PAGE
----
2. Treatment of escapism in A Street car named desire by Tennessee Williams ...

    weird distortion, accompanied by the cries and noises of the jungle24.? Varsouviana swings her back to the time of her husband?s death, and it is only with the sound of a gunshot that her reverie is broken. Thus Polka helps the audience realize the intensity with which she is tied to her illusions forgetting the stark reality of life.

  1. How the Translation Affects the Meaning of Pushkin's "The Captain's Daughter"

    As faithful as they try to be, they undeniably leave their mark on the text. This is unavoidable, as the translator?s version of the work is a testament to their interpretation of the author?s intentions and style. This is extremely evident in Robert Chandler?s translation of A.S.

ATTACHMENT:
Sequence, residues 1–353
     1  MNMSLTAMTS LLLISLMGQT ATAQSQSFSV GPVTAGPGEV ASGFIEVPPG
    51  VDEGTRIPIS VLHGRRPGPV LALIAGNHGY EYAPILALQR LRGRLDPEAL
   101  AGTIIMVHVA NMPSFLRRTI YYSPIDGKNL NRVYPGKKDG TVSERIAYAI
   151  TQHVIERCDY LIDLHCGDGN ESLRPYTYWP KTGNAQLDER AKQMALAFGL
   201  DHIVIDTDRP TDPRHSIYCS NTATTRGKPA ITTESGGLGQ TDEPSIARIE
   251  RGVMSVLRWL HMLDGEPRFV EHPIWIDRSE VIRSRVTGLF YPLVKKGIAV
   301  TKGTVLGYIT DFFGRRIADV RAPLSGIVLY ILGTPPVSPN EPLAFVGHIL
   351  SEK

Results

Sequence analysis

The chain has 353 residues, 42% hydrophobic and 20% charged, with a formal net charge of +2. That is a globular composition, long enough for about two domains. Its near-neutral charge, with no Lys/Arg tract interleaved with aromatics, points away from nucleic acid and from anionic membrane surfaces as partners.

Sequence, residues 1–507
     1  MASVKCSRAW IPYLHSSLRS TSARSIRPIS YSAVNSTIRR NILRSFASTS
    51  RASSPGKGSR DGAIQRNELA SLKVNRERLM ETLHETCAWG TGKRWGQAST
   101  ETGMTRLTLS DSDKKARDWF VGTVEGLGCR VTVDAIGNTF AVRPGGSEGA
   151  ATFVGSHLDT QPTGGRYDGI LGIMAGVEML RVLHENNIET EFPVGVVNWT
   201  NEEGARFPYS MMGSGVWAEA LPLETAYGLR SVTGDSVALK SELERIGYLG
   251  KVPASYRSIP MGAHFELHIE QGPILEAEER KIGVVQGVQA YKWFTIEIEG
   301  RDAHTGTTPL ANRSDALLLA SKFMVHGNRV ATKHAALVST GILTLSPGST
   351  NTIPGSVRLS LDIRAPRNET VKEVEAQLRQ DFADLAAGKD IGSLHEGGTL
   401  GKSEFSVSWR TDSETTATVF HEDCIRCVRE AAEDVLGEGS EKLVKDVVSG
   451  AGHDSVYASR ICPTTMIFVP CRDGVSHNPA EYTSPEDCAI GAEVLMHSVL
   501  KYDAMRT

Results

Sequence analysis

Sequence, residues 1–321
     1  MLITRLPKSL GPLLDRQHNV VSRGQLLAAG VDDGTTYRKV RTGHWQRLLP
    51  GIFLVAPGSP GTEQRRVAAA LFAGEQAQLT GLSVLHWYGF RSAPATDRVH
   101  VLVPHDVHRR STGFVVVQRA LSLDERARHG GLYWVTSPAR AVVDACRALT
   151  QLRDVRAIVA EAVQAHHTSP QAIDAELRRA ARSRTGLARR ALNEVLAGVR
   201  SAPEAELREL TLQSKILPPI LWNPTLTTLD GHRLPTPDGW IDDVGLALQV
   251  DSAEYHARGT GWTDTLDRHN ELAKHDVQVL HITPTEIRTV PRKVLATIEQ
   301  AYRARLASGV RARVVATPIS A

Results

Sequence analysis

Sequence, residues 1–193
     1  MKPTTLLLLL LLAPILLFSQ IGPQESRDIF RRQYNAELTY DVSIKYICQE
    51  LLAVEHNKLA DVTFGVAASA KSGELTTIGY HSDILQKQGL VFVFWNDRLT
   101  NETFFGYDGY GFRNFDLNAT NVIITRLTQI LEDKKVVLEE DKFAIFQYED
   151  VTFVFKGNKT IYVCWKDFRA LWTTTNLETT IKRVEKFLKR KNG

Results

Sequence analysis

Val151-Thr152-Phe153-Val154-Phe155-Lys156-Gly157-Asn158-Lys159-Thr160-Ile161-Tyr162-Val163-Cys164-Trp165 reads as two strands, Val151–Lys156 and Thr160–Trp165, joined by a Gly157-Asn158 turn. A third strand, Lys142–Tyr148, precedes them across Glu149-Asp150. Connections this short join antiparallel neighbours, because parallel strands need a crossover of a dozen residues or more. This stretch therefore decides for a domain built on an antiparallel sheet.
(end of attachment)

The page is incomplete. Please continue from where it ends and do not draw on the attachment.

2. Describing the Dangers of Equality in Kurt Vonneguts Harrison

    The costume-like handicaps are humiliating. Because Harrison is extraordinarily handsome, he is forced to wear a rubber red ball on his nose, shave off his eye brows, and cover his teeth with black caps and a snaggle- tooth. The citizens live in a society where disadvantages are rewarded and highlighted, and advantages are hidden and apologized for.

  • Over 160,000 pieces
    of student written work
  • Annotated by
    experienced teachers
  • Ideas and feedback to
    improve your own work